Lit with bright blue light, the Zakim Bridge is an instantly recognizable feature of the city skyline. In an interview with The Boston Globe, Miguel Rosales said, "The bridge is supposed to have the feel of a regal entry to Boston, the towers bathed in blue, the cables highlighted in gleaming white."
Momentous tour of the Zakim Bridge, I am on the left with two friends wearing the required hard hats and work boots.
About The Greenway
The depression of the Central Artery, "The Highway of the Skies," left 17 acres of open space above, giving way to the creation of The Rose Kennedy Greenway, a joint effort between the Massachusetts Turnpike Authority, the Commonwealth of Massachusetts, the City of Boston, and a number of civic groups. The Greenway stretches a mile and a half along prime real estate reconnecting the city from the Bulfinch Triangle through the North End, Wharf District, Financial District, finally making its way to Chinatown. Strolling through The Greenway, one discovers numerous and distinct fountains, manicured gardens, expansive plazas, open green spaces, and permanent and temporary art installations. The parks are unique in character and spatial composition. They include Chinatown Park, Dewey Square, Fort Point Channel Parks, Wharf District Parks, Armenian Heritage Park, and North End Parks.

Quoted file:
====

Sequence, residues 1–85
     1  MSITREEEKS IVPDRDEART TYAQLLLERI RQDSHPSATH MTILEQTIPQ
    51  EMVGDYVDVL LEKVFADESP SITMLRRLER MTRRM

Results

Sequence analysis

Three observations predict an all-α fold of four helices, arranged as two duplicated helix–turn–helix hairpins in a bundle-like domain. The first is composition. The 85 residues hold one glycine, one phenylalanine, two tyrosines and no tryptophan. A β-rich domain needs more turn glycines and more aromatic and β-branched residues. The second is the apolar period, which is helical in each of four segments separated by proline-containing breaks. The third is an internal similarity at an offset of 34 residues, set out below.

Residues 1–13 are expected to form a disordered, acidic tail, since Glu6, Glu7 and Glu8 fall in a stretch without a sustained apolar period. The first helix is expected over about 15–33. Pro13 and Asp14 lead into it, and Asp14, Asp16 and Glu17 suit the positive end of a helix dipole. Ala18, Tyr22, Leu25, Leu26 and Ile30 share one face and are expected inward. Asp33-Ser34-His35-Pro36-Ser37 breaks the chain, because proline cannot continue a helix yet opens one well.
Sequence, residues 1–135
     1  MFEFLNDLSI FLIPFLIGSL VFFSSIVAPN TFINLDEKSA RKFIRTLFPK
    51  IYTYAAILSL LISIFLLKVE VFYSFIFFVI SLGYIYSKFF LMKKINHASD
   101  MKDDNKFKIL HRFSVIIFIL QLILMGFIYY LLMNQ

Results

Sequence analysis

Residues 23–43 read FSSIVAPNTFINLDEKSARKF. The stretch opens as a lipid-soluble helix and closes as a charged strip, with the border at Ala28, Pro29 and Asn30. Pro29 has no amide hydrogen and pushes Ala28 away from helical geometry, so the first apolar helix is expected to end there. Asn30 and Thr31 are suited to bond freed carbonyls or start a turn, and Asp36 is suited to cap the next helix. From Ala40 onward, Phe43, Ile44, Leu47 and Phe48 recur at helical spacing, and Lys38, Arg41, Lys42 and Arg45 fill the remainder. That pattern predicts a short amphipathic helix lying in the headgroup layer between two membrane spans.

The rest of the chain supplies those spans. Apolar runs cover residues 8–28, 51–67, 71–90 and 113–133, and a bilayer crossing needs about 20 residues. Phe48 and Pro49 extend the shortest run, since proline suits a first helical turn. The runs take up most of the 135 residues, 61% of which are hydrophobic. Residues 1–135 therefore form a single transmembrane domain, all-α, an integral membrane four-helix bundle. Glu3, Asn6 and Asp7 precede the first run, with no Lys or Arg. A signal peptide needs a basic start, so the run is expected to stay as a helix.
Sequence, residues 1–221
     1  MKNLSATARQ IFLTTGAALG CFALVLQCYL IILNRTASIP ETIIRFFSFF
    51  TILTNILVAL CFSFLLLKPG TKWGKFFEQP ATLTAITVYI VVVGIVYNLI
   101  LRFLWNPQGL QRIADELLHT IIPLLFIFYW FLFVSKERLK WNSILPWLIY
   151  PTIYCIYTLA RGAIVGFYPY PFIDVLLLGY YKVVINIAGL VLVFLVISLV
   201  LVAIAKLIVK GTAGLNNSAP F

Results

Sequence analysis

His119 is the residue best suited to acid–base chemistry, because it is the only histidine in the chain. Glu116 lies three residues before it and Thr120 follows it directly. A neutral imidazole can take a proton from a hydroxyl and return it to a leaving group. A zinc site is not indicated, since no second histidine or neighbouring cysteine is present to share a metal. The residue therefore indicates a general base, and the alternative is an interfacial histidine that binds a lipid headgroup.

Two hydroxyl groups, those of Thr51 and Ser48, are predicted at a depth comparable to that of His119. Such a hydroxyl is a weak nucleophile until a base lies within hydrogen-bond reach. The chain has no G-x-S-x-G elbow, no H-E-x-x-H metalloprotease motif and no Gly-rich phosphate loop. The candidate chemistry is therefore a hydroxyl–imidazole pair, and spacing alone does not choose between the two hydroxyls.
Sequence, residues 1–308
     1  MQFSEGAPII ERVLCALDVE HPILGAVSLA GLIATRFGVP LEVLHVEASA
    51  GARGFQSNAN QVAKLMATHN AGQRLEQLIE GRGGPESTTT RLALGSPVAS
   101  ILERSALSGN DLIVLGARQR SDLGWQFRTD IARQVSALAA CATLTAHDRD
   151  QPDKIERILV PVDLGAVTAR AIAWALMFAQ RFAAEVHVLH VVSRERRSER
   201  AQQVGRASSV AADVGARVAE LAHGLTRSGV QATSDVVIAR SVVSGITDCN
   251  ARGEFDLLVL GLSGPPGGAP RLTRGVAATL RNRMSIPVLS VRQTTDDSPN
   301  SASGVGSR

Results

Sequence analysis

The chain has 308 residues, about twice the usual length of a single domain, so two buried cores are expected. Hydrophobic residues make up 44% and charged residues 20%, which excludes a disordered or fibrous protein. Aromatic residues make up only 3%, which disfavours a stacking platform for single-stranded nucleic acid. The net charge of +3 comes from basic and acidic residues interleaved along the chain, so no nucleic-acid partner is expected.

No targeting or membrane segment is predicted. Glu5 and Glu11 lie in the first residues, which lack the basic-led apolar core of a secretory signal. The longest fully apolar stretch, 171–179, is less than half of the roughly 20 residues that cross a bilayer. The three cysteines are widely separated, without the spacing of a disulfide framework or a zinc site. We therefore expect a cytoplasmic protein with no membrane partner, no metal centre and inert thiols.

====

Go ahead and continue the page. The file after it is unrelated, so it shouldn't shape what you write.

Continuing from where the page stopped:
The history of The Greenway goes back to the 1940s with the increasing number of vehicles on the city streets. Looking for a way to alleviate traffic and congestion in downtown Boston, city officials decided to build an elevated highway cutting through the heart of Boston. As a result, more than 1,000 buildings were demolished, with approximately 10,000 residents displaced. Construction of the Central Artery began in 1951 and was completed in 1959. Painted a matte green, former Boston mayor Tom Menino called the Central Artery "the other green monster," referring to the green wall at Fenway Park.
Realizing the design flaws and limitations of the Central Artery on the city for future development, a new plan was devised to move the elevated highway underground. Construction of the new Central Artery/Tunnel Project, affectionately known as the Big Dig, began in 1991. After years of construction, delays, and cost overruns, the nation's most complex and costliest highway project opened in 2007. It freed up the much-needed open space, revitalized neighborhoods, and reunited the city once divided by the green monster.
Downtown Boston. Central Artery, pre Big Dig
Downtown Boston. Central Artery/Tunnel Project, post Big Dig
The Greenway Conservancy, an independently incorporated non-profit organization, was established in 2004. In 2008, the State Legislature confirmed the Conservancy as the designated steward of The Greenway. It officially opened to the public in October 2008, with tens of thousands of visitors coming together for the park’s inaugural celebration. In February 2009, the Greenway Conservancy assumed operational responsibility for the park.